The student media organization of California State University Northridge

Daily Sundial

The student media organization of California State University Northridge

Daily Sundial

The student media organization of California State University Northridge

Daily Sundial

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Hans Burkhardt exhibit makes an impression

California has its share of abstract expressionists: Dennis Beall, George Miyasaki, James Kelley; all of which are remarkable, but none emanate dramatic bones such as Hans Burkhardt (1904-1994).

His move to Los Angeles in the late 1930s was met without much reception. Gradually, though, he brought avant-garde modernism to the West Coast with paintings that were a humanist response to those who suffer.

In celebration of CSUN’s 50th Anniversary, the Art Department is showcasing selected pieces from its own Burkhardt collection. During his 30 years teaching CSUN students, he donated over 1,000 paintings, drawings, and prints to the school’s art institution.

‘After he stopped teaching in 1972, he continued giving life art classes for free, supplying students with live models and everything,’ said exhibit curator and Art History professor Betty Ann Brown at the reception held Sept. 5.

Thematically, the exhibit hits five earmarks in Burkhardt’s career: his early abstract work (similar to Picasso); political protest and anti-war pieces; sketches derived from the human figure; excursions into Mexico; and graffiti/anarchist paintings.

Viewers in the gallery met his work with little guff, and offered more than the standard 30-seconds to deduce an opinion.

Meanwhile, a documentary played in a sequestered area of the gallery, and in one scene an older Burkhardt referred to his disturbing depictions of war: ‘Either we work for peace, or this is what’s going to happen.’

In ‘V-E Day’ (1954), Burkhardt portrayed Europe’s WWII victory with a surreal, red and black swirl showing the carnage and sacrifice of war. Springing away from this mulch of terror are dancers in the center, as a cause for hope.

‘ ‘Burkhardt had no desire for religious structure,’ gallerist and 35-year-long friend Jack Rutberg said. ‘But he was deeply spiritual and empathetic.’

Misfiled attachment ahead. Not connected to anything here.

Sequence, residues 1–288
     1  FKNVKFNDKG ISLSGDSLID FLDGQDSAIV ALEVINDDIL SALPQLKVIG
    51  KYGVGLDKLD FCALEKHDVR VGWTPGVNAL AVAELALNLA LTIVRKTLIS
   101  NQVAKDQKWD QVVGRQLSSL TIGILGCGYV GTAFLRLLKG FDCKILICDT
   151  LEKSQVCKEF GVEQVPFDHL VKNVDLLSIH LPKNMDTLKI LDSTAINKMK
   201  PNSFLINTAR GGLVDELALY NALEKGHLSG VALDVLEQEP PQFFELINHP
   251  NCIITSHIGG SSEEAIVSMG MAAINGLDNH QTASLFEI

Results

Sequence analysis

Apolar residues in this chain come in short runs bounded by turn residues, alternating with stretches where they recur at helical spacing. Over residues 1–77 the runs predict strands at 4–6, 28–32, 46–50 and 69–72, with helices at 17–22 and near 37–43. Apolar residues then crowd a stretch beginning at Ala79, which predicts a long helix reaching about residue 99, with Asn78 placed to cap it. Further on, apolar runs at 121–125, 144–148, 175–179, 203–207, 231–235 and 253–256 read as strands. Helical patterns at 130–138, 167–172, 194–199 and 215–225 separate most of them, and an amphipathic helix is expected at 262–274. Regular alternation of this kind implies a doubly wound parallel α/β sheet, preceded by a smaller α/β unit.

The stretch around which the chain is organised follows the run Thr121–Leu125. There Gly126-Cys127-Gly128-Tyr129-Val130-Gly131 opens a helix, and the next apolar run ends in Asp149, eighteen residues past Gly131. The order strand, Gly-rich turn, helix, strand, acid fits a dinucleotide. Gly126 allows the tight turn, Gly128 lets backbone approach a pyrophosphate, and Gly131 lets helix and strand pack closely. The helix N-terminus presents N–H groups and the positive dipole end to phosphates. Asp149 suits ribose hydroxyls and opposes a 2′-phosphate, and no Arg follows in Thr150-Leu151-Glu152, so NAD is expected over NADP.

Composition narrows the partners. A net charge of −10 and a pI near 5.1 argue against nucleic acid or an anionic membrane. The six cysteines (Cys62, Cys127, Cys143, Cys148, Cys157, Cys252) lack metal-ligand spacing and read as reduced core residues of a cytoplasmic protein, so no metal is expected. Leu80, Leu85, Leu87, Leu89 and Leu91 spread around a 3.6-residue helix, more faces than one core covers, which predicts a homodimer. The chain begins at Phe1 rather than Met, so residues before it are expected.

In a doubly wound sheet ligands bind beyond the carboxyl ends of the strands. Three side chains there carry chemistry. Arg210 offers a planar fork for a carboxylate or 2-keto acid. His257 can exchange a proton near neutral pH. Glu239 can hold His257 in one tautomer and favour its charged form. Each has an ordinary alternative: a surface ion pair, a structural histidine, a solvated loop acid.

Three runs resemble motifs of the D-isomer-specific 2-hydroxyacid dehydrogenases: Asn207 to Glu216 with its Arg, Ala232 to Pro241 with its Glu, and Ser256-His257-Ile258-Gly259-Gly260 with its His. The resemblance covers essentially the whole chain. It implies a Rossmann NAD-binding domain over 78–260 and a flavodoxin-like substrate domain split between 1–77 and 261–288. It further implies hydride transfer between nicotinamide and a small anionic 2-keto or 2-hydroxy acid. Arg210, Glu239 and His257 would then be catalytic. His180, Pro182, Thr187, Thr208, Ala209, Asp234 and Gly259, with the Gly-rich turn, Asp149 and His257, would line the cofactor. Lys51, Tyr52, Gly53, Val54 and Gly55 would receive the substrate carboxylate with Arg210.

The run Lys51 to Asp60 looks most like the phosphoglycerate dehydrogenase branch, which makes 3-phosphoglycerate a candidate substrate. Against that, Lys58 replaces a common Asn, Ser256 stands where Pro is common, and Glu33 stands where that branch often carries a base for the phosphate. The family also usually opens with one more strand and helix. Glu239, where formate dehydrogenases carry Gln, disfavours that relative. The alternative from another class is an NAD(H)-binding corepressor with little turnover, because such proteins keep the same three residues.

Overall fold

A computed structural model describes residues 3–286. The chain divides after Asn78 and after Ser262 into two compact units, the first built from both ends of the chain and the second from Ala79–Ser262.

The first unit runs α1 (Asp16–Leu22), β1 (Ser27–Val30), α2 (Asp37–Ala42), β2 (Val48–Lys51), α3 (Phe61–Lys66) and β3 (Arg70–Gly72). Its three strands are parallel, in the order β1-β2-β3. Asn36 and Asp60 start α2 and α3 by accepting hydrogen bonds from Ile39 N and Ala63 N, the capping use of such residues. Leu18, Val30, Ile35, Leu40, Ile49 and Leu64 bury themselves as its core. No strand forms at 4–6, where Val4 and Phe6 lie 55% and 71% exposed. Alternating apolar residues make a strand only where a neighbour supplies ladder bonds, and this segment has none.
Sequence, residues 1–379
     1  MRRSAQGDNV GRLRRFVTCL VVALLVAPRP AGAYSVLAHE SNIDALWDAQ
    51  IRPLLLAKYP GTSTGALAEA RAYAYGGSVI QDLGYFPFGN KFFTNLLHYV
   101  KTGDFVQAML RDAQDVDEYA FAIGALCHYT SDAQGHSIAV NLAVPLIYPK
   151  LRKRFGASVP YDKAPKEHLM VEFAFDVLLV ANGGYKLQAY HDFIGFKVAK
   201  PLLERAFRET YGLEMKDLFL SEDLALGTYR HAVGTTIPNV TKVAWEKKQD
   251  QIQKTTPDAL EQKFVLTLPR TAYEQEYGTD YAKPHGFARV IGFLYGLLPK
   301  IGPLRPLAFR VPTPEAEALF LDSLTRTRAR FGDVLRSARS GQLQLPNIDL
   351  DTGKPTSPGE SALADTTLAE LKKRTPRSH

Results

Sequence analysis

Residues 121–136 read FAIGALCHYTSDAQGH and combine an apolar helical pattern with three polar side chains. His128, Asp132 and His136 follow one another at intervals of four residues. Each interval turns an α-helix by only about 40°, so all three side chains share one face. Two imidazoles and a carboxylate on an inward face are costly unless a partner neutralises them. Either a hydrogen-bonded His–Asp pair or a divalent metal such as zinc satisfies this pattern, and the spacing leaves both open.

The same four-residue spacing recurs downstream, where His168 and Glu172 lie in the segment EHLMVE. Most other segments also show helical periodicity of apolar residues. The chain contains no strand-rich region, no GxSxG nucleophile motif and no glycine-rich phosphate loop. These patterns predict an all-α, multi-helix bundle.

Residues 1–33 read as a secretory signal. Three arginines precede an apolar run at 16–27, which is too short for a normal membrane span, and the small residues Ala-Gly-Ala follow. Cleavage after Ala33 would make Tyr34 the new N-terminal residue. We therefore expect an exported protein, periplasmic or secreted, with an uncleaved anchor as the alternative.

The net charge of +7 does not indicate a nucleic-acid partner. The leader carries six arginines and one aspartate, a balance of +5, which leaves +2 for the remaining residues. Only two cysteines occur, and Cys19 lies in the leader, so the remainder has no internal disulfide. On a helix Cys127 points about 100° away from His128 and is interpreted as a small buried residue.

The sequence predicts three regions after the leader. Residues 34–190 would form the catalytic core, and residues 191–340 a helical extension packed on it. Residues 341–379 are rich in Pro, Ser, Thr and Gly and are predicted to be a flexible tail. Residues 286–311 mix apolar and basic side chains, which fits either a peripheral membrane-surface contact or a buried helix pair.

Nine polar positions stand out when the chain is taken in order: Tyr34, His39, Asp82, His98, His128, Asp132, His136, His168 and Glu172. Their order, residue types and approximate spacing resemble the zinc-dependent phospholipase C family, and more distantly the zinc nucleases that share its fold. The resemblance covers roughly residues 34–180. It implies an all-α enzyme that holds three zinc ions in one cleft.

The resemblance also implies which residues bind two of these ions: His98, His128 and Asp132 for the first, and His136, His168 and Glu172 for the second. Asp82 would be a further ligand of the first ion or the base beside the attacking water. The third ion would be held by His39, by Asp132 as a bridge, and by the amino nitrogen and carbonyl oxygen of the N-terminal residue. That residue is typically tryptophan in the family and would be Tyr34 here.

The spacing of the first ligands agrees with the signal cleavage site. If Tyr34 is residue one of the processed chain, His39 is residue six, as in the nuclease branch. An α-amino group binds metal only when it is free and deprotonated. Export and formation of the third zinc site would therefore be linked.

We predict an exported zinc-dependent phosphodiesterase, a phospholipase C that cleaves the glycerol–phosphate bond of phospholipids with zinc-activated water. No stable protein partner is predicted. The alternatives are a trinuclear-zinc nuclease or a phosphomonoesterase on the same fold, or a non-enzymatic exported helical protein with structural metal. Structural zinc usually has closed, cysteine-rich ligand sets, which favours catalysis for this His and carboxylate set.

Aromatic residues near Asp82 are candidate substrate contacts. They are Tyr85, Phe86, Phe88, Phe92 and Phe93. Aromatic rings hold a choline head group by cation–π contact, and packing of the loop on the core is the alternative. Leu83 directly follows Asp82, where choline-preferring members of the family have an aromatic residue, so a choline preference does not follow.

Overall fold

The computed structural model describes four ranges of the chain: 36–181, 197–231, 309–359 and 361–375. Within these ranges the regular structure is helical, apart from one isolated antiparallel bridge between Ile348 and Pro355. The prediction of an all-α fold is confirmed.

In an untitled 1948 lithograph, he was one of the earlier artists to respond to nuclear proliferation, centering ballet dancers amid ruble from a bomb’mdash;their heads angled down like the bent stem on a rose.

‘Hans came from depravation, poverty, and living in an orphanage. In the meantime, he was working as a gardener surrounded by flowers,’ Rutberg explained. Critics believe this contradiction fabricated Burkhardt’s duality.

Born in Basel, Switzerland, Burkhardt grew-up in an orphanage alongside his two sisters until he moved to America at age 17. Living in New York, he found tutelage under abstract expressionist Arshile Gorky, whom he shared a Manhattan studio with from 1928-1937.

‘The Dance’ (1981) marked Burkhardt’s return to Basel when he entered the once pristine buildings, now set for demolition. He found broken glass and graffiti with the initials ‘AJZ’, which, in German, meant Autonomous Youth Center. From the wreckage and twisted wire he drew beauty, and celebrated it on canvas with more dancing figures.

But his work us is not all dance and hope against gloomy settings.

Burkhardt vacationed to Mexico for over 15 years starting in the 1950s, collecting human skulls he would later put in paintings.

‘Mexico represented something he could relate to,’ said Rutberg after schmoozing with groups of acquaintances. ‘A journey into the earthly remains where death and life come close together.’

‘Struggle for Peace’ (1964) has no actual skulls, but does feature sorrowful, bone-like apparitions carrying a balcony-shaped casket through a village. Each step seems weighted and the decorative ironwork of the balcony accentuates the hand-tooled homes of the village that were loved by the people.

Although it’s been said that L.A.’s art scene is na’iuml;ve and unsophisticated, it does love those artists that grace it.

‘His years at CSUN were engaging for him’mdash;giving back to America by teaching students,’ said Rutberg. ‘He had the outward simplicity of a folk artist but the wisdom of a shaman.’
The reception for the exhibit was filled with many people who had first-hand accounts with Burkhardt. They ran into each other and reminisced.

‘He’s an artist I miss a great deal,’ said long-time friend and printmaker Tom Fricano. He spoke about a picture he has of Burkhardt posing with several artists in his studio, ‘Every morning I get up, and I wave to him, ‘Hi Hans!’ ‘

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